Sunday, July 25, 2021
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HomeWorldOn Climate Change Frontline, Indigenous Provide Pointers To Save Planet

On Climate Change Frontline, Indigenous Provide Pointers To Save Planet

Indigenous people living on the frontline of climate
change could offer potentially ground-breaking insight into
biodiversity protection and sustainability, but they
urgently need help to withstand a growing number of threats
to their way of life, the Food and Agricultural Organization
(FAO) said on Friday.

From the Arctic to the Amazon,
the Himalayas to the Sahel, the 11 indigenous communities
featured in a new FAO study are
revealed as “self-reliant and resilient, living
sustainably and in harmony with their ecosystems, even when
inhabiting harsh


generate hundreds of food items from the environment without
depleting natural resources and achieve high levels of
self-sufficiency”, said the UN agency, which explored
ancestral knowledge in the Solomon Islands among the
Melanesians who combine agroforestry, wild food gathering
and fishing to generate 70 per cent of their dietary

In Finland’s Arctic region, FAO also noted that
the Inari Sámi people generate 75 per cent of the protein
they need, through fishing, hunting and herding.

an analysis of the growing threats confronting the
communities and their sustainable ways of life, the authors
of the report
maintained that indigenous peoples worldwide play a vital
role in countering global threats such as the destruction of
nature, climate change, biodiversity loss and the risk of
future pandemics.

But their traditional ways of life –
“one of the most sustainable, self-sufficient and
resilient on the planet” – are at high risk from climate
change and the expansion of various industrial and
commercial activities, FAO warned.

There are some
478 million indigenous peoples in the world, according to
FAO, whose research also explored reindeer herding by the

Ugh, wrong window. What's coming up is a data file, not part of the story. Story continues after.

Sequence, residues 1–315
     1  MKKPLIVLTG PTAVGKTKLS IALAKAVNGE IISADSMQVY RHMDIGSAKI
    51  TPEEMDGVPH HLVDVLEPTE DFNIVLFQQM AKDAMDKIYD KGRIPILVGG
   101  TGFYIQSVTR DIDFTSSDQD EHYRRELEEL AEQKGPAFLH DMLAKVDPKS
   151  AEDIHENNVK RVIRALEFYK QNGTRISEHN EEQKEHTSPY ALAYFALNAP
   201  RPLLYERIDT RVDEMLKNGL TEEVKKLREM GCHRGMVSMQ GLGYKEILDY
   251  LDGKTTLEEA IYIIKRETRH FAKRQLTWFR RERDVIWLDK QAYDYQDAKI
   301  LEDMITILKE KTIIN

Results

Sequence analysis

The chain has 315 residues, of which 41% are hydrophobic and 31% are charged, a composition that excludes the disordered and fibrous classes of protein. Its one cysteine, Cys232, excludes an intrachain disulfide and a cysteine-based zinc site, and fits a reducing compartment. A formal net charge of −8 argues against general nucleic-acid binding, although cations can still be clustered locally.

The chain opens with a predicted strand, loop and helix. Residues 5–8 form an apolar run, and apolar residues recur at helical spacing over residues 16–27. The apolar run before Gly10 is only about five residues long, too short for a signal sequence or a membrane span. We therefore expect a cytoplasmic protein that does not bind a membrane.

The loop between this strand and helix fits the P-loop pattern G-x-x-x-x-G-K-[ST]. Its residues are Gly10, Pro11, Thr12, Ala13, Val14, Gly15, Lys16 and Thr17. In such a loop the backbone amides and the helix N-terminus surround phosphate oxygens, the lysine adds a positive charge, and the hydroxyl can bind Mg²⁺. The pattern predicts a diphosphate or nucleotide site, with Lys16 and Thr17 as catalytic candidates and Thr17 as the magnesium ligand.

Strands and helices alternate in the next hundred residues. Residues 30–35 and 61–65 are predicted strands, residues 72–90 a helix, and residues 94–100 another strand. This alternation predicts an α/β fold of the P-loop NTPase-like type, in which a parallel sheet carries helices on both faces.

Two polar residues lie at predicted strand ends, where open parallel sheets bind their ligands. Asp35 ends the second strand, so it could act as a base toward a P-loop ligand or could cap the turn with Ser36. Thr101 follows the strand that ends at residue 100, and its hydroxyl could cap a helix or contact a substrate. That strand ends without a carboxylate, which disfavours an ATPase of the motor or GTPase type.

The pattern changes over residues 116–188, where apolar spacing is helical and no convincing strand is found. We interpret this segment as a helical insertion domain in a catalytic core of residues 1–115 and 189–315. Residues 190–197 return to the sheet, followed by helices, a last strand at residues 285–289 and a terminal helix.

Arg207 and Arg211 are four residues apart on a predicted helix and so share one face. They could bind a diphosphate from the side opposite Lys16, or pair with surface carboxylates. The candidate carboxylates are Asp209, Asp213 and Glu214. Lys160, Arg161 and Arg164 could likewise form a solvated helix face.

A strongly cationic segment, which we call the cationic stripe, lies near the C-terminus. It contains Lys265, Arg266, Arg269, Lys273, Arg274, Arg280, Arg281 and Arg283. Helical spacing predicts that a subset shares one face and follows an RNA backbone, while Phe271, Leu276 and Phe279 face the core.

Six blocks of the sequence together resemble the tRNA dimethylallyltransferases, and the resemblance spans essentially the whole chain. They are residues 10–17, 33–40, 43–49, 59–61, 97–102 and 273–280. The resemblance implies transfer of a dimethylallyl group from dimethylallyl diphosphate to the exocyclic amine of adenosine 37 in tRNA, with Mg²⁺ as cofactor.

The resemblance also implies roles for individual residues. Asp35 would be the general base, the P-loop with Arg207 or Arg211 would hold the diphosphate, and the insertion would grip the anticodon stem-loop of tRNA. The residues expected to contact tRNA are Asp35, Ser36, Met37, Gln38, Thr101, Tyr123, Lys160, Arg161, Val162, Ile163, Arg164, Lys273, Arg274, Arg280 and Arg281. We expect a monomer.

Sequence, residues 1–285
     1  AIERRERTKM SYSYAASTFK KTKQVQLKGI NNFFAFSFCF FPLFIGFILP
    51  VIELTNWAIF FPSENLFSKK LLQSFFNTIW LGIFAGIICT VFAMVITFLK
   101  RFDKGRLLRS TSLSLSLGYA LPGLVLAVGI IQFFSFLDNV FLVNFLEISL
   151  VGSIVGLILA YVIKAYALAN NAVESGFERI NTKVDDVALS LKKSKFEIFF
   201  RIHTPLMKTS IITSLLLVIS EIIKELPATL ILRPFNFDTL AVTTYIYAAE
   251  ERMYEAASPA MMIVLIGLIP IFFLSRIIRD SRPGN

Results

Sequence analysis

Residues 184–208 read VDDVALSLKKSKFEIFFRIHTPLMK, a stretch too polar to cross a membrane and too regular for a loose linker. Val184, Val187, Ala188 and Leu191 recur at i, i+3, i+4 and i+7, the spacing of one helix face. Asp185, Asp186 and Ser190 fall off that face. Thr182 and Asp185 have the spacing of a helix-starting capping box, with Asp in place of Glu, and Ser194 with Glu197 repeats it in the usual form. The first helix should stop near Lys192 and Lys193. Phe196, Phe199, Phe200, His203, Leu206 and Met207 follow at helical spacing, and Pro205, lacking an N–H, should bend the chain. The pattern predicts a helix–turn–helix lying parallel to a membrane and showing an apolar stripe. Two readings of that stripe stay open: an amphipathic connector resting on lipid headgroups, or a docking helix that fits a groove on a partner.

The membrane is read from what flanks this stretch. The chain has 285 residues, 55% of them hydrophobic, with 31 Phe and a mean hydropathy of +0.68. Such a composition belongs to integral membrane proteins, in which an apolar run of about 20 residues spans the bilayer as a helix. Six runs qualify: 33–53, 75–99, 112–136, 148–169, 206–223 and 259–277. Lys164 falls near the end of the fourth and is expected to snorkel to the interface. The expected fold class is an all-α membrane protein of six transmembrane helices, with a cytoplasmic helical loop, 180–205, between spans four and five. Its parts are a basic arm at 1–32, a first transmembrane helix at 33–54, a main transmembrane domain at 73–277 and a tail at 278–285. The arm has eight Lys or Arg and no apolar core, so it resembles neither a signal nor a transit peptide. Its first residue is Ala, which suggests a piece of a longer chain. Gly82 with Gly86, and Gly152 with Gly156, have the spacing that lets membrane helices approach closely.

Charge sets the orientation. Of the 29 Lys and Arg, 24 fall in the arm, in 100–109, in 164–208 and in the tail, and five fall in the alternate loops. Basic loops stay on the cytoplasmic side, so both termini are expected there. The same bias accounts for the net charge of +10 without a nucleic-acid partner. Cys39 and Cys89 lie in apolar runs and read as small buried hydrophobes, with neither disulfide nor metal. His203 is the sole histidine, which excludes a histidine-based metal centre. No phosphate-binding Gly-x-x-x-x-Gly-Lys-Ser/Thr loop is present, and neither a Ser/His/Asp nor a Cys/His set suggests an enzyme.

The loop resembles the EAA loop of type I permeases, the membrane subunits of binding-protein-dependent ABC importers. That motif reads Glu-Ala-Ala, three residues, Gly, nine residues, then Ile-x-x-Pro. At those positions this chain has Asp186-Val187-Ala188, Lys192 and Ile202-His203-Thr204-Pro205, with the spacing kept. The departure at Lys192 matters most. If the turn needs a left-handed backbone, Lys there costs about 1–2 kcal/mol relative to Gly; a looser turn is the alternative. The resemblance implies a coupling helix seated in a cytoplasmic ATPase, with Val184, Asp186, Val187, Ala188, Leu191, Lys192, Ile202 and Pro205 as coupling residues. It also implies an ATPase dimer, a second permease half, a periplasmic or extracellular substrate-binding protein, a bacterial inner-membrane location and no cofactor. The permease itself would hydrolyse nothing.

Inari Sámi people in Nellim, Finland, the forest-based food
system of the Baka indigenous people in South-eastern
Cameroon and the Milpa food system of the Maya Ch’orti’
people – also known as “the maize people” – in
Chiquimula, Guatemala.


“Despite surviving for centuries,
Indigenous Peoples’ agri-food systems are likely to
disappear in the next years due to a number of drivers
threatening their future,” said Juan Lucas Restrepo,
Director-General of FAO partner, the Alliance of
Bioversity-International and CIAT.

FAO’s report also
offers insight into the Khasi, Bhotia and Anwal peoples of
India, the Kel Tamasheq people in Mali, Colombia’s Tikuna,
Cocama and Yagua peoples and the Maya Ch’orti’ in

Their traditions combine different
sustainable food generation techniques such as hunting,
gathering, fishing, pastoralism and shifting cultivation,
along with adaptive practices including nomadism, which are
vital to linking food generation to seasonal cycles in a
resilient way.

Resilience, adaptability

adaptive is the main resilient element of these food
systems,” said Anne Nuorgam, Chair of the UN Permanent
Forum on Indigenous Issues. “Indigenous peoples adapt
their food generation and consumption to the seasonality and
natural cycles observed in their surrounding ecosystems, not
in the opposite way as most other societies do.”

Nuorgam underscored how the “deep observation of the
environment” that had been accumulated generation after
generation were key to guaranteeing biodiversity, along with
a clear understanding of the elements in different

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